10/24/2022 0 Comments
Two weeks ago I had the privilege of running a workshop for AISA (Association of International Schools in Africa) educators about mindfulness.
Since that experience, I have been thinking non-stop about good health and well-being and the nature of our busy schools. Perhaps if you're like me, your typical teaching day is a whirlwind of activity, conversation and tasks, and there never seems to be enough time to get everything done. Planning, grading, meetings, co-curricular responsibilities... sometimes you finish the week and it feels like you've just completed an Ironman race. Right?
Yet Sustainable Development Goal #3 highlights the importance of good health and well-being, and the Inner Development Goals show us that only by attending mindfully to our own mindsets and sense of being can we care for others and the world. Many of our schools have created important SEL (Social and Emotional Learning) programs in the past few years, and mental health and well-being has been brought to the fore as a result of Covid-19. All of these important signals suggest that a school week like the one I just described is unhealthy and unsustainable.
I listened to a podcast this morning where someone mentioned the obsession we have (culturally) with growth, and the pervasive mindset that growth needs to be continuous and rapid, as if we're driving with our foot continuously jamming the gas pedal to the floor. Yet, to sustain growth (personal, economic, intellectual or innovative growth), there needs to be a balance with reflection, rest, consolidation and healing.
The best example of this might be how we build muscles at the gym. When we lift weights, we create tiny tears in our muscle fibers. But this isn't what makes our muscles stronger. Strength is built during the rest period that follows the workout. During rest, the body repairs the muscle fibers and actually fuses fibers together to create stronger strands, and more of these strands. Hence, your muscles increase in size and capacity. Without a rest period, your body wouldn't be able to build stronger, bigger muscles.
If this is true of our physical bodies, and a growth cycle is dependent on rest and repair, it makes sense that other types of growth would benefit from similar periods of purposeful rest.
I wonder how we might create classroom and school cultures where this is possible for teachers and students. Instead of running frantically from one class to the next, and inhaling your lunch while working at your computer, what if the school day was calm and peaceful, allowing for mindful eating, walking and learning? How might this impact the way teachers and students learn, communicate and connect?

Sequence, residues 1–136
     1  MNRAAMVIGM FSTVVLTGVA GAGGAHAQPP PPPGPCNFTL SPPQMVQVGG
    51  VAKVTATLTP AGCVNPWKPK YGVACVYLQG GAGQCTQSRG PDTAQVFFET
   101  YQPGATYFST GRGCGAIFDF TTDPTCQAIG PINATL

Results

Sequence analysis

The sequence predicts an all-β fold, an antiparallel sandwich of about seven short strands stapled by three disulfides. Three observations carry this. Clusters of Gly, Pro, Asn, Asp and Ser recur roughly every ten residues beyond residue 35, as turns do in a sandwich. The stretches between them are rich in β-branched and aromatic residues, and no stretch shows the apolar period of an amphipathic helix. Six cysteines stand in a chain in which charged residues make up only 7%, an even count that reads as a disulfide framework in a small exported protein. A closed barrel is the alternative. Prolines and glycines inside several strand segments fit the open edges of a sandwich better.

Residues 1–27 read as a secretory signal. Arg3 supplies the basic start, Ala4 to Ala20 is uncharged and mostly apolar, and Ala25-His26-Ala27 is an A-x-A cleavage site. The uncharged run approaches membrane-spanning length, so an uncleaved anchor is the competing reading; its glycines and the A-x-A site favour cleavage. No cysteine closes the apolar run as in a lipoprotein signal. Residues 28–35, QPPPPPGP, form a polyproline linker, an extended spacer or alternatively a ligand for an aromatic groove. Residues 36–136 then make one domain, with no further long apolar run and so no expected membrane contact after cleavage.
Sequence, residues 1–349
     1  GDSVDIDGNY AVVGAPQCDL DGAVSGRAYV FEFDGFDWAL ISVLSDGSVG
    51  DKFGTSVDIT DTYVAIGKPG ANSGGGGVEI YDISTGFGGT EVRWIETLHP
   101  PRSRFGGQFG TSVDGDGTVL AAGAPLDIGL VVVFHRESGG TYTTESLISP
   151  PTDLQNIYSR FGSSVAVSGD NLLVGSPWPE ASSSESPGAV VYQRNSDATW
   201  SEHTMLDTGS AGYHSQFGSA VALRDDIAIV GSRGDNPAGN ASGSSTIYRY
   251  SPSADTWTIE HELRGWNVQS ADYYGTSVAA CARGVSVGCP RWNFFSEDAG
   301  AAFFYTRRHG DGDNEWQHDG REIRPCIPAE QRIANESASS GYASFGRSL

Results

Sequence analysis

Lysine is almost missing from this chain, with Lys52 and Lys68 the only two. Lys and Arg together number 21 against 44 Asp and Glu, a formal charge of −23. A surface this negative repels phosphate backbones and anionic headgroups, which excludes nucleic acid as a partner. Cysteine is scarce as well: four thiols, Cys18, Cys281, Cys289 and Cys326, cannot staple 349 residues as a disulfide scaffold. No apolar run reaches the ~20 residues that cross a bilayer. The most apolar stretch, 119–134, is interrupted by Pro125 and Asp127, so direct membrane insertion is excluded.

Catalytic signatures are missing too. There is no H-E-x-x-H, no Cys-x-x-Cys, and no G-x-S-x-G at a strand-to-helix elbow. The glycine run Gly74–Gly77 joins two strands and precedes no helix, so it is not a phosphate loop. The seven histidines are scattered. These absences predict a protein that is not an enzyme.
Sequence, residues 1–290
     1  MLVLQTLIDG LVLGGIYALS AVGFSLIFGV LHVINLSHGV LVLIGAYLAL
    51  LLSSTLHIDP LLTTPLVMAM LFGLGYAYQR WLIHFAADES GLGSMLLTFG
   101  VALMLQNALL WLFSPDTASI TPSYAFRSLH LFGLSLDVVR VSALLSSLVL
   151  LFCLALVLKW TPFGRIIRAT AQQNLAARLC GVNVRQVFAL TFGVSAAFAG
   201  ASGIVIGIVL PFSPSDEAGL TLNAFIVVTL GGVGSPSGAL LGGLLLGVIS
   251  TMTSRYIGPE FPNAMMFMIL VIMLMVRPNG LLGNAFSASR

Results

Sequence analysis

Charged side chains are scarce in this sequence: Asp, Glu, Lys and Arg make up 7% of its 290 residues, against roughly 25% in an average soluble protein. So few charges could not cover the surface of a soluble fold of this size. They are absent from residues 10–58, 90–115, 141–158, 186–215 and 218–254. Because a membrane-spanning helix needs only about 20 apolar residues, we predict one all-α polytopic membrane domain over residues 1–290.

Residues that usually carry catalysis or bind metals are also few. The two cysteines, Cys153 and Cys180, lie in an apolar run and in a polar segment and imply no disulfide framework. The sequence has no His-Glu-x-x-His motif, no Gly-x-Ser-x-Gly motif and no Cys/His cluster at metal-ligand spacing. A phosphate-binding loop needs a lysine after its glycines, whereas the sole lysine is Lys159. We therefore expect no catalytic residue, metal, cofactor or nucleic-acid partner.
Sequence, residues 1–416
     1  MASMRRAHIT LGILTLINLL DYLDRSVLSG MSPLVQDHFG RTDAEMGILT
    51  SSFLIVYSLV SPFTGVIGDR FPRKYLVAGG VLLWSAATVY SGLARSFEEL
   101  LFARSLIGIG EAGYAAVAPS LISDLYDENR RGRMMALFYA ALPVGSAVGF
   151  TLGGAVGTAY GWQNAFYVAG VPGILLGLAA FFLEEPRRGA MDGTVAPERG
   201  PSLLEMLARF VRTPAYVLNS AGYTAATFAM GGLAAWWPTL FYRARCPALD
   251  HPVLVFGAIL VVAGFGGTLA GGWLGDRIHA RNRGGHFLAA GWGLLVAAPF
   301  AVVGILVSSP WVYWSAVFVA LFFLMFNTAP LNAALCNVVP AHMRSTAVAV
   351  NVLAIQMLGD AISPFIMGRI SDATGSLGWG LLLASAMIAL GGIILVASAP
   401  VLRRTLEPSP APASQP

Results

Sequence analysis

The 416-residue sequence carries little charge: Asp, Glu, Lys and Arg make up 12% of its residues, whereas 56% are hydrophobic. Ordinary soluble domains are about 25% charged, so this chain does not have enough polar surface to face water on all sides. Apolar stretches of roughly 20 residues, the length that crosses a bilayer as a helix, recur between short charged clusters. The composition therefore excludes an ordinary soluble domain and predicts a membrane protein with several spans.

This may seem like a pie-in-the-sky idea, but I think schools would benefit from creating conversations and ideation sessions where teachers and students could discuss the value of slowing down and the importance of personal and collective health and well-being.
As a starting point, individual teachers might want to consider their own classroom space and how they might invite students to co-create opportunities to rest and repair as they learn. I can imagine solutions like extended (and creative) reflection time, quiet reading time and meditation or stretching to start a class or create a break during longer class periods. I'm sure students would have innovative ideas about how to create more mindful experiences and settings for their learning, as well as valuable insights to share about what they need to grow (intellectually, emotionally and socially) in purposeful ways.
Teacher self-care is also a vital ingredient in this recipe. In what ways are you carving out time and space for your own cycles of rest and repair? Are you caring for yourself with exercise, meditation/reflection, time in nature and creative endeavours? How might you design your days and weeks to include elements that allow you to pause, rest and heal so you can grow personally and professionally?
In the AISA workshop I mentioned in the first paragraph, we began with deep breathing and a conversation about wellness and mindfulness in our schools; we then engaged in a guided meditation and a quiet partner conversation to reflect on what we had experienced. In one hour, we were able to create a space where it felt like time slowed down a little bit and where we could all could exhale slowly and let our shoulders relax. If we can create that space in a one-hour workshop, what might happen if we build mindful moments regularly into our days?
Here are some resources to help you create a more mindful classroom and school:
Learning for Justice
(Important considerations of mindfulness that advances equity and acknowledges student trauma and systemic failure)